Regarding the oil pipelines of previous postings, I would like to point out to Soraya Sepahpour-Ulrich (23 September) that my comments were meant to clarify several points especially in regards to the BTC pipeline and her suggestions regarding the TAPI pipelines. I suppose this requires further explanation.

      First, the Task Force (TF) Soraya referred to was not a US Government task force but a private Task Force out of Rice University, jointly sponsored with the Council on Foreign Relations (CFR). There is no mention of George H W Bush's support in the report. Second, I was discussing various national interests in Azeri oil pipelines. Third, in the report cited by Soraya, even the reference offered on page 45 (pages 44-45 actually) reflect the CFR's view of post-Soviet Russia and Central Asia's place, which reinserted the former Soviet states back within a Russian orbit. This is what Azerbaijan distinctly wanted to avoid. Indeed, as Russia and Iran were applying pressure, it was the US Government that bothered to ask the Azeris what they wanted. The Clinton administration agreed with the Bush administration that considering the Azeris' desire for the BTC pipeline, they commissioned State and DoD studies regarding both the pipelines and its economic potential (e.g.: would it be profitable and can it supply large enough quantities of oil to sustain the pipeline; in both instances the answer was yes.)

      The decision and US support for the pipeline was in line with the distinct and expressed wishes of the Azeri Government. While there were several disagreements in the two US reports and analysis, these were resolved. The only remaining impediments to the pipeline were in the corruption of both the Georgian and Turkish Governments' attempt to overplay their hands in demanding higher transit fees. Iranian Government inducements were rejected out of hand for reasons stated before and because of Iranian demands for more of the Caspian oil than it was legally entitled to (Law of the Sea or Law of International Lakes--again). This route was never realistically considered by the Azeris.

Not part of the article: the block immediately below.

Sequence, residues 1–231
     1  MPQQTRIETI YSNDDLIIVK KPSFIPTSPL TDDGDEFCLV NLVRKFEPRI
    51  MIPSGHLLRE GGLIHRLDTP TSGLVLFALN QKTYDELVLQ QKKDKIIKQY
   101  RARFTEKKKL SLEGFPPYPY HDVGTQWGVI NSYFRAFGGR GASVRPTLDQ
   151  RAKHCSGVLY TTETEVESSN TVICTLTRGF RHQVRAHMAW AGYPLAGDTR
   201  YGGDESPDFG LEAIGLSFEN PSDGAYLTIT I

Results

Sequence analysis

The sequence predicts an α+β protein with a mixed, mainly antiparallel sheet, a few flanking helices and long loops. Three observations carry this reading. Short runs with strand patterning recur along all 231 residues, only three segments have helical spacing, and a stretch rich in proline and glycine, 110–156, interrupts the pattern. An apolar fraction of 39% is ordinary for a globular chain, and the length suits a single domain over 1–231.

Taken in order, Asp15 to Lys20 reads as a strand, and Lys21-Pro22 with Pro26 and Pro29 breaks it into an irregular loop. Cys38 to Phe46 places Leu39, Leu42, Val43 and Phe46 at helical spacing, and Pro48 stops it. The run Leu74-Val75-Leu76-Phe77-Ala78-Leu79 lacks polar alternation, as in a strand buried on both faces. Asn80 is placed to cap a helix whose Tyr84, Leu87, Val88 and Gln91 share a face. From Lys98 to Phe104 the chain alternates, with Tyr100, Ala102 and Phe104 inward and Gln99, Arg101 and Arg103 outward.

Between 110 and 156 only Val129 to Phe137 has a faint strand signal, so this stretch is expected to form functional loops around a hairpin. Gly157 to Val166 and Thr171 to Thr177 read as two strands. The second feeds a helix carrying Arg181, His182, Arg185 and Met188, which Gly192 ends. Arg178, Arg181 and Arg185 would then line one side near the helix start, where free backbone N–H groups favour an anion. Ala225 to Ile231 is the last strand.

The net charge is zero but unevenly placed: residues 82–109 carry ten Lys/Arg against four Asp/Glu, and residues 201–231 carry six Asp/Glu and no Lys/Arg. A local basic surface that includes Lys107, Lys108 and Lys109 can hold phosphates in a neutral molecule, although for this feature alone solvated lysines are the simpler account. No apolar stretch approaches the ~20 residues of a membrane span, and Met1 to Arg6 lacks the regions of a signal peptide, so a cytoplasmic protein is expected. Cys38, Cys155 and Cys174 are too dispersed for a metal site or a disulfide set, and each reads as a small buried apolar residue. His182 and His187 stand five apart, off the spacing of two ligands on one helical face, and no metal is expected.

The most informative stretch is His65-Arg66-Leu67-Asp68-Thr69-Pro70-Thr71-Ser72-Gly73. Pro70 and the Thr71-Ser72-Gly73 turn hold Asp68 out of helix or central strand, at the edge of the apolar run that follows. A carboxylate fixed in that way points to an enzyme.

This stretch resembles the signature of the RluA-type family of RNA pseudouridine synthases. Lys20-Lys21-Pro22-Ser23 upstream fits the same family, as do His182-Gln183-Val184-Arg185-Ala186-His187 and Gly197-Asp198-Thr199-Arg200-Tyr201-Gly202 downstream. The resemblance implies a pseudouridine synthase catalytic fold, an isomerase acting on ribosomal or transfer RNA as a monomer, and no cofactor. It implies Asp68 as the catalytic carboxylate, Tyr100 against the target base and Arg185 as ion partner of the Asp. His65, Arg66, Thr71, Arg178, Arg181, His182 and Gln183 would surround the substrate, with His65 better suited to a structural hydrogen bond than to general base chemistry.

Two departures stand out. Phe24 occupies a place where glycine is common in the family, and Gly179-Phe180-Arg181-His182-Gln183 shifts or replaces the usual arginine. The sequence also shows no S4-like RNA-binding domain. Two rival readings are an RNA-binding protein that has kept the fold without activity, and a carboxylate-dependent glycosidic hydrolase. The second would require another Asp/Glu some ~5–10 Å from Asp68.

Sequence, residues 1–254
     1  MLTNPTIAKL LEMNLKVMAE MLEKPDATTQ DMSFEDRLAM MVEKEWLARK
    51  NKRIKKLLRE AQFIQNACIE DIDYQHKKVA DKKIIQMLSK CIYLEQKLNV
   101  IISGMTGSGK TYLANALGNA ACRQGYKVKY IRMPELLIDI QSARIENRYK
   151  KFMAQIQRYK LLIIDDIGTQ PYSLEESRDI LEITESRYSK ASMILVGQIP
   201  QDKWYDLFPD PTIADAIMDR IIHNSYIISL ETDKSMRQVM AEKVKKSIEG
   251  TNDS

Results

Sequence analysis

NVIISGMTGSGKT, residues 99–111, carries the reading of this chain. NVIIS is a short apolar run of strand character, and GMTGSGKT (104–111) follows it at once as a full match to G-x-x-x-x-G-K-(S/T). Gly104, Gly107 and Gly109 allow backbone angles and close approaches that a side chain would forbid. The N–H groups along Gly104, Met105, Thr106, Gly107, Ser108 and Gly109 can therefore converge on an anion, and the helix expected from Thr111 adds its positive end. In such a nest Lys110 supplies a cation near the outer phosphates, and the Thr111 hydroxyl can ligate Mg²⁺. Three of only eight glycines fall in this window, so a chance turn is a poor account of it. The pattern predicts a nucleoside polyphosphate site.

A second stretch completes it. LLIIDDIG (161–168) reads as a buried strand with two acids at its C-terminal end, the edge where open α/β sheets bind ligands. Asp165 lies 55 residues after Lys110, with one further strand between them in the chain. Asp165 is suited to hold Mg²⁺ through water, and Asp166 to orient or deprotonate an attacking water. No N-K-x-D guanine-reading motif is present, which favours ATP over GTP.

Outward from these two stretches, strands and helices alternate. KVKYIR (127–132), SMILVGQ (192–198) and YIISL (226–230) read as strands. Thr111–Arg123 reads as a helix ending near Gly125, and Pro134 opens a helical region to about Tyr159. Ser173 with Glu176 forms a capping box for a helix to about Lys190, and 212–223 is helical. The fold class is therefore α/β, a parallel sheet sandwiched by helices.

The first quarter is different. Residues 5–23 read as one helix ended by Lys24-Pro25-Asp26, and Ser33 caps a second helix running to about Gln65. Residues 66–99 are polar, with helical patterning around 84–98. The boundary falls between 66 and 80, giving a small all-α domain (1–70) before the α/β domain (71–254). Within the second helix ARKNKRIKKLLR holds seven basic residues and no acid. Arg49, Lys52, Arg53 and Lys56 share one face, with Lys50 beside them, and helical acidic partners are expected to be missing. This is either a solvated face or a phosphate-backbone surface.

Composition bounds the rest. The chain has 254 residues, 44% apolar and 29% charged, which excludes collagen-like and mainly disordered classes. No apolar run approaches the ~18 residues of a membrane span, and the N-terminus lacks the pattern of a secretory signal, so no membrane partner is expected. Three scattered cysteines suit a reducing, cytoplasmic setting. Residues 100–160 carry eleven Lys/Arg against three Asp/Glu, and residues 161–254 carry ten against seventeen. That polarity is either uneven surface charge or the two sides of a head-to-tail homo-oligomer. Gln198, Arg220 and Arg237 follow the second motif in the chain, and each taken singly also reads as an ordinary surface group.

Finally. even the Task Force's dissenting views support Azerbaijan's view by stating "The record of Russia and most especially Iran are of long delays and unreasonable demands." (Page 88)

      I will conclude by pointing out that the US Government's involvement was due to the request of the Azeri Government and EU--the various oil companies involved also agreed with the US viewpoint.